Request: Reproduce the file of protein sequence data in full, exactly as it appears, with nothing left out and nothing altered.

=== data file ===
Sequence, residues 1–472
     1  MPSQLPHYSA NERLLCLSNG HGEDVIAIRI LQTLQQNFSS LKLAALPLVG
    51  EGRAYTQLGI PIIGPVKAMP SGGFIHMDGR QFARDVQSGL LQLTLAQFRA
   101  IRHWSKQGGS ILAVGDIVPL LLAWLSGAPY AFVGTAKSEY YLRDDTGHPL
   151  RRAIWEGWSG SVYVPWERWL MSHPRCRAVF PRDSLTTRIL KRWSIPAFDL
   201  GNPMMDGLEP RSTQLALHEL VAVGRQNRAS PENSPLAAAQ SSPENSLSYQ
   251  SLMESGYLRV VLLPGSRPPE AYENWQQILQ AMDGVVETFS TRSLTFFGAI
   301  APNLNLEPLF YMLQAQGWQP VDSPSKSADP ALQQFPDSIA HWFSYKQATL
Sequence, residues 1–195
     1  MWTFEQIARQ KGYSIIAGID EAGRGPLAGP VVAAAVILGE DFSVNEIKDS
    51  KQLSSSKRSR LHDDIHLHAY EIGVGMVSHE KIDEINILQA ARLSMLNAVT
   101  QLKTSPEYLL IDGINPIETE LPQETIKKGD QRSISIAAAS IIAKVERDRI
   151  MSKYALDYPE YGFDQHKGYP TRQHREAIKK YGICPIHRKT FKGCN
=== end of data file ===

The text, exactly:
Sequence, residues 1–472
     1  MPSQLPHYSA NERLLCLSNG HGEDVIAIRI LQTLQQNFSS LKLAALPLVG
    51  EGRAYTQLGI PIIGPVKAMP SGGFIHMDGR QFARDVQSGL LQLTLAQFRA
   101  IRHWSKQGGS ILAVGDIVPL LLAWLSGAPY AFVGTAKSEY YLRDDTGHPL
   151  RRAIWEGWSG SVYVPWERWL MSHPRCRAVF PRDSLTTRIL KRWSIPAFDL
   201  GNPMMDGLEP RSTQLALHEL VAVGRQNRAS PENSPLAAAQ SSPENSLSYQ
   251  SLMESGYLRV VLLPGSRPPE AYENWQQILQ AMDGVVETFS TRSLTFFGAI
   301  APNLNLEPLF YMLQAQGWQP VDSPSKSADP ALQQFPDSIA HWFSYKQATL
Sequence, residues 1–195
     1  MWTFEQIARQ KGYSIIAGID EAGRGPLAGP VVAAAVILGE DFSVNEIKDS
    51  KQLSSSKRSR LHDDIHLHAY EIGVGMVSHE KIDEINILQA ARLSMLNAVT
   101  QLKTSPEYLL IDGINPIETE LPQETIKKGD QRSISIAAAS IIAKVERDRI
   151  MSKYALDYPE YGFDQHKGYP TRQHREAIKK YGICPIHRKT FKGCN